Farmers and manufacturers are being encouraged to expand their product ranges in order to win back customers who have shown interest in wanting to follow a different diet and try ‘something new’. Flexitarian diets are becoming commonplace and veganism continues to rise, as people become concerned about the ethical, environmental and health related aspects of eating a product including animal products.
Senior consumer insight analyst for the Agricultural and Horticulture Development Board (AHDB), Susie Stannard, said: “Only a tiny minority of the population are actually vegan, with meat and dairy remaining cornerstones of the British diet. But veganism receives a disproportionate amount of media attention and we wanted to explore what’s driving this attention and how it plays out in the marketplace.”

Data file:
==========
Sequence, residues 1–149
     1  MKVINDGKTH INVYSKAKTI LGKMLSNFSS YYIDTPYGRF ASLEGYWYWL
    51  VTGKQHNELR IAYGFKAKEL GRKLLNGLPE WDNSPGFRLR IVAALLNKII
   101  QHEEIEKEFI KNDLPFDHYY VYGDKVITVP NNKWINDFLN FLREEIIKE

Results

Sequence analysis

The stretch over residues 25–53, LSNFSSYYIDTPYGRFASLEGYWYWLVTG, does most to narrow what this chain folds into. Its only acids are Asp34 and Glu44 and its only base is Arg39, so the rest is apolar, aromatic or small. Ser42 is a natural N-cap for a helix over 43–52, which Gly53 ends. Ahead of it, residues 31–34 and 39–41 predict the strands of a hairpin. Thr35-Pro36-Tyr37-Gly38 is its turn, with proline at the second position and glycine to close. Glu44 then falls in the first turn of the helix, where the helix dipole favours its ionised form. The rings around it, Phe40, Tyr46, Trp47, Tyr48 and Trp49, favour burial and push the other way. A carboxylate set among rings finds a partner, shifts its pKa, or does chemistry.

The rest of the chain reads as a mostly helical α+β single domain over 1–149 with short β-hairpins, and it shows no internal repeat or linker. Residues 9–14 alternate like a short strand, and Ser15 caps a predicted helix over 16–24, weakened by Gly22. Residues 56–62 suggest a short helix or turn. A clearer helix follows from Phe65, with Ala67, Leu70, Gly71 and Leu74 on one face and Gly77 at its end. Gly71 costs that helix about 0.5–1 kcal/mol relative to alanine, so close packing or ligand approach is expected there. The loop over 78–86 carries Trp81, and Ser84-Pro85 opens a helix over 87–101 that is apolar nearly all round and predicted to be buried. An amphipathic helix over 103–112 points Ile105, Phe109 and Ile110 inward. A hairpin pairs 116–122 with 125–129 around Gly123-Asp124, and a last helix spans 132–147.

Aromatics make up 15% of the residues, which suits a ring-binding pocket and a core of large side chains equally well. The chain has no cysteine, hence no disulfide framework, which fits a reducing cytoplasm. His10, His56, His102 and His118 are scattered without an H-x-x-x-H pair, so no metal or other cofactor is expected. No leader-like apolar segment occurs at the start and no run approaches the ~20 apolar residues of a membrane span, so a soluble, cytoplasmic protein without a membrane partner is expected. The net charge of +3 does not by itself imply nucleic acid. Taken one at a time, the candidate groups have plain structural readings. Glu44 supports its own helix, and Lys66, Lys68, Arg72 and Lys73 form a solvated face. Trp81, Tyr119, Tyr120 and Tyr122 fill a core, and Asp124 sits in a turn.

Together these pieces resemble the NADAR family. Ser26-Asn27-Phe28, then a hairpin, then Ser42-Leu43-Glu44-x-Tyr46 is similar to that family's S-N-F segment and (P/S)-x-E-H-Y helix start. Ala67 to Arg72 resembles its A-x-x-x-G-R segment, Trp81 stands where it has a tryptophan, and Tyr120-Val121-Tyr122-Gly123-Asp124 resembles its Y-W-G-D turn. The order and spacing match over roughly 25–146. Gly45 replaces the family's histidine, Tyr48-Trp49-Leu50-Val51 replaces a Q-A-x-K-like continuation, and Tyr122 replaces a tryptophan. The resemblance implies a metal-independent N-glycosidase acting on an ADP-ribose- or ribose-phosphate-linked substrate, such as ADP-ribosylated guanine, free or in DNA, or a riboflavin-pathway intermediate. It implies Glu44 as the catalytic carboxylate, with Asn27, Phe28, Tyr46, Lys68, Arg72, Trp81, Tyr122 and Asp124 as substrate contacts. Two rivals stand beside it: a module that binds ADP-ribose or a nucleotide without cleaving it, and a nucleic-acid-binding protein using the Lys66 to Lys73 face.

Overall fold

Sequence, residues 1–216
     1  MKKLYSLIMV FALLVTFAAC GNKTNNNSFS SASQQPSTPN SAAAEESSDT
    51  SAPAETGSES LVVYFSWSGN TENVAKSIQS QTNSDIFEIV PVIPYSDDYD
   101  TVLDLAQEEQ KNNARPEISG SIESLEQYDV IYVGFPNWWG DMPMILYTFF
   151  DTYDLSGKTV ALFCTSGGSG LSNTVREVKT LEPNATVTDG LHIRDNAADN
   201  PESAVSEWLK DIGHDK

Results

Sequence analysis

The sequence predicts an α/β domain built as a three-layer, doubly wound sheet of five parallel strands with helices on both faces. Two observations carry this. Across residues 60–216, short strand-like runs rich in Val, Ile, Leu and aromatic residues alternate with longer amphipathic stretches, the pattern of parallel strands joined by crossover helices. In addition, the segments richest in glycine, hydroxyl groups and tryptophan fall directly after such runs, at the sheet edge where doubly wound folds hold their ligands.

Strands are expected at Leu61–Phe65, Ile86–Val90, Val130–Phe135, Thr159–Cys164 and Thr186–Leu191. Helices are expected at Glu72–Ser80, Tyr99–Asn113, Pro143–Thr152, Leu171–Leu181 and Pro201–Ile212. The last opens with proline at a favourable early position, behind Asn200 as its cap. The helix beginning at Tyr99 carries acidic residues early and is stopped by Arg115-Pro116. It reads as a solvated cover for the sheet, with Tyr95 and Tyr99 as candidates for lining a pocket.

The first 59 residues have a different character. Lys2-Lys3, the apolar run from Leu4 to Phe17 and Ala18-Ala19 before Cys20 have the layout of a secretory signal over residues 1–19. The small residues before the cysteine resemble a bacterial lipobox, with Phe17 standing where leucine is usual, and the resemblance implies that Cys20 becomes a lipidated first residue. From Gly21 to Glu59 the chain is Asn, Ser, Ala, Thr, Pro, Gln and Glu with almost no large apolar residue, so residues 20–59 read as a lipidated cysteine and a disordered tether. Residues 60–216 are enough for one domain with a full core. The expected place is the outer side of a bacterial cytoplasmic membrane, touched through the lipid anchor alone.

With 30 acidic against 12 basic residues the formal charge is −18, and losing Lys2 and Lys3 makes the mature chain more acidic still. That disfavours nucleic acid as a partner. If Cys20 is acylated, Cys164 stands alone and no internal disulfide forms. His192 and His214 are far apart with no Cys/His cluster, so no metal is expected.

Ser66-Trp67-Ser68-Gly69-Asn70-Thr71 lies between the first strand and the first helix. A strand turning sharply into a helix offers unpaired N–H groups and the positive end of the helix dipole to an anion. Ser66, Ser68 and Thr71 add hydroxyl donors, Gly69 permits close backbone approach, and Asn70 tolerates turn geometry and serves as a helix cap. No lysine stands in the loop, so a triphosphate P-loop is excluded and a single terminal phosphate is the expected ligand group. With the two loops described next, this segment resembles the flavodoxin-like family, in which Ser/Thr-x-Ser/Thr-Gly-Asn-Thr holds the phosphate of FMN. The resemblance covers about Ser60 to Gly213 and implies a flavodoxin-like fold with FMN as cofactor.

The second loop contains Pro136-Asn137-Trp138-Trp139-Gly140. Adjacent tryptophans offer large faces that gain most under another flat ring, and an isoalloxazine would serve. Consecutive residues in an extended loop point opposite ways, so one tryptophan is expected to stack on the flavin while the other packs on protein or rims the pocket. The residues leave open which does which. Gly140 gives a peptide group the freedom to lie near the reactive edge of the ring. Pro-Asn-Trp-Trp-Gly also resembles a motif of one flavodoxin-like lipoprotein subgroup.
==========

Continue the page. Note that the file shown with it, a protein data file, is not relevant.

Stannard added: “In our recent qualitative research on young consumers, we found that although many people were open to veganism and found the ideals aspirational, when they actually tried it they encountered barriers in terms of cost, taste and how it made them feel. But we found that many more people are interested in taking on board some elements of a plant-based diet, even if they are not willing to commit full time.”
The AHDB point out that “food manufacturers have been quick to spot and respond to the growing demands for plant-based alternatives to meat and dairy. Meat substitute product launches accounted for almost 14 per cent of all new ‘meat’ launches tracked in Western Europe.”
Speaking about the future, Stannard said: “There are changes on the horizon, but, as yet, British consumers, by and large, are maintaining their desire to eat meat and dairy. But there are opportunities to be had in moving beyond commoditisation of meat and dairy looking towards more brand and solution-led marketing.
“We have also found that in order to retain consumers’ trust in and demand for meat and dairy production, the industry will need to commit to working together throughout the supply chain.”